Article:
A gift should be reflective of the giver and the one to whom the gift is given. It should show a kind of thoughtfulness and attention to the needs, desires, and tastes of the one receiving, but it should also reflect the giver's choice and the giver's love. Most importantly, the giver's love.
In a day and age when registering for gifts at weddings and at the birth of a baby is common and expected, I wonder if we have lost sense of the beauty of gift giving. How is registering for gifts any different than filling our carts with what we want for ourselves and asking our friends to foot the bill when we get to the register? How often do we think of the giver when we use gifts we've registered for? Don't we think more often of our own tastes, desires and why we wanted those things when we did than we do of those who paid for them? Oh, I'm not knocking registering completely, it seems rather practical in many ways, perhaps too practical. Shouldn't gift giving allow for something more?
This is on my mind because of an incident that occurred at the pool today. A woman, a mother, asked me if she was seeing things clearly and if I did, in fact, have FOUR boys. No, I told her simply, I have six. Her response was, "Well then, are you done trying for your girl?" I was insulted. I know, I should be used to this by now, but still, I was insulted. Maybe it was her cavailier assumption that my family was the result my trying to have "my girl" that got me. I am SO TIRED of that. Do you hear me? I am so very tired of that nonsense and it came out my mouth,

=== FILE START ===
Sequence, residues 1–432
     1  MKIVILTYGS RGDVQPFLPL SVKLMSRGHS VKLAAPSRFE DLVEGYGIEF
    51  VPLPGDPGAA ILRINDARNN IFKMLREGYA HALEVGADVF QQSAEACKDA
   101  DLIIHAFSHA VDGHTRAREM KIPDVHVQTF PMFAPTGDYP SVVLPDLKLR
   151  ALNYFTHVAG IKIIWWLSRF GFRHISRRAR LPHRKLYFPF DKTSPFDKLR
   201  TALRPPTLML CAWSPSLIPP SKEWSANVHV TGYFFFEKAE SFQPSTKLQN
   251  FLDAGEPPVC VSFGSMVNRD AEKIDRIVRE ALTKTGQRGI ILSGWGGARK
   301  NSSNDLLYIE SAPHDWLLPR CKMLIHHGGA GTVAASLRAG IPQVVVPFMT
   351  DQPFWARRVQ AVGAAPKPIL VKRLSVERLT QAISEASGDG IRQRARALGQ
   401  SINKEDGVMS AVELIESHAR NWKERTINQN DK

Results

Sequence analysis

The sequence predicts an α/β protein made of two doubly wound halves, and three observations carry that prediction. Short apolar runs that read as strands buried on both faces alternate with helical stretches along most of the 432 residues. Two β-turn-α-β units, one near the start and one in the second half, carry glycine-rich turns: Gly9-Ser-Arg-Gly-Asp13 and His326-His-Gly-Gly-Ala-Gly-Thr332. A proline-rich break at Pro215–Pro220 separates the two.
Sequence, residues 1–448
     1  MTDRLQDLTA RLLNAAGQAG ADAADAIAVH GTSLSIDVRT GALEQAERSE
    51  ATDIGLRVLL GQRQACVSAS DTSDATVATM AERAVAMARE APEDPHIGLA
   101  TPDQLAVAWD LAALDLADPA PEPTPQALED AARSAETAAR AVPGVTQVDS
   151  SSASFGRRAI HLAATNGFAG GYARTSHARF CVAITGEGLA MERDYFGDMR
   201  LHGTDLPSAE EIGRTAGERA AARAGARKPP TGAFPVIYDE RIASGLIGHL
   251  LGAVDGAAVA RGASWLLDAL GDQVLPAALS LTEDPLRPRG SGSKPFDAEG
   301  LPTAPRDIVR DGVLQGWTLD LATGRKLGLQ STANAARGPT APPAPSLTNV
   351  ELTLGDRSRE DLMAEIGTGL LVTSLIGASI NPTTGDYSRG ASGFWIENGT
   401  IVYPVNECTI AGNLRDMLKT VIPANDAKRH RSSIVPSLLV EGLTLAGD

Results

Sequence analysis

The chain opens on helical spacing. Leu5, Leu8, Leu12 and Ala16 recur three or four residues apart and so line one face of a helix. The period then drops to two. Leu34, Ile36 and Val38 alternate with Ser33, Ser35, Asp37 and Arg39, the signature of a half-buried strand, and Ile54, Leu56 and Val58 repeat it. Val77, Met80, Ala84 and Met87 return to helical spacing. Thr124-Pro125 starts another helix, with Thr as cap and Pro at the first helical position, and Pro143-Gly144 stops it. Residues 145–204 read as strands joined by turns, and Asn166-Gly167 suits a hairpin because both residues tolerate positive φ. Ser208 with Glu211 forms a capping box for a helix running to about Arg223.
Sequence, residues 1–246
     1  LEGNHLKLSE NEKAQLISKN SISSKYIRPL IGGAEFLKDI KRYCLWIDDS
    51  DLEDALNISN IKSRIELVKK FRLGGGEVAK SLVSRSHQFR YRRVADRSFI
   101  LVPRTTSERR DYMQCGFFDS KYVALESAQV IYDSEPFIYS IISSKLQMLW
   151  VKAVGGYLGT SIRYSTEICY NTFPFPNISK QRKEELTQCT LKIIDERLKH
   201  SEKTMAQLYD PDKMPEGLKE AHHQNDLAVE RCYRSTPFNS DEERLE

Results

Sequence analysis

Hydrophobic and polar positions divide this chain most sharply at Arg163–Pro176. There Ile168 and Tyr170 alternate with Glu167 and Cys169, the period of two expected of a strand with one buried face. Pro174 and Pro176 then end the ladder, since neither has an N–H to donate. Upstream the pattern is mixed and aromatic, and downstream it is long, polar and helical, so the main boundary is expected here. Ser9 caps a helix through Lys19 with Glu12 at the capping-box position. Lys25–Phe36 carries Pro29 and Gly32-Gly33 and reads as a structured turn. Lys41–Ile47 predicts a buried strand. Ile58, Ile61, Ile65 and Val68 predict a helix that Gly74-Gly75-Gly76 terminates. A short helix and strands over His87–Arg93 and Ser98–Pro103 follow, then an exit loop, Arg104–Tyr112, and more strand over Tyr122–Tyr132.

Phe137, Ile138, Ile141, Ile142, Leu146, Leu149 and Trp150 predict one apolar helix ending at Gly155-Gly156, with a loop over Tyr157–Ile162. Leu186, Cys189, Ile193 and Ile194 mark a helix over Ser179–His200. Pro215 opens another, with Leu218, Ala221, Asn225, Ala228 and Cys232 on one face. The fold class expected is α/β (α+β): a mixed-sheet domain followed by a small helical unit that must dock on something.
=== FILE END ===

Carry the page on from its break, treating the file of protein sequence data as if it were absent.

"No," I said, "That's not it. These boys aren't about me trying to have a girl. That's not what I'm doing. This isn't about me." Needless to say, she and I didn't hit it off after that, but it got me thinking as these things often do, what if I had registered for my children at my wedding and chosen exactly what I wanted and asked God to fill the order?
Honestly, I would not have registered for six boys. I would have chosen a more "balanced" family and perhaps smaller, more reasonably spaced in some instances, but that's not what God gave me. He didn't check the registry, I guess, or maybe he knew better. Maybe the gift of these children was something I couldn't have understood when I was twenty three. Maybe I didn't know how these children, these six boys could reflect their Giver in a way that would lead me to the joys I now know.
If God had just listened to me and not tried to show Himself in His gifts, I would be so much poorer today than I am now. I would not have known these children, made in His image, co-created in our love, born in my pain, all brothers living here in our home. This is not the life I'd have registered for, and so I am grateful, ever grateful that it wasn't my choice, that these children, my family, this family, our family, isn't just about me and what I think I might want.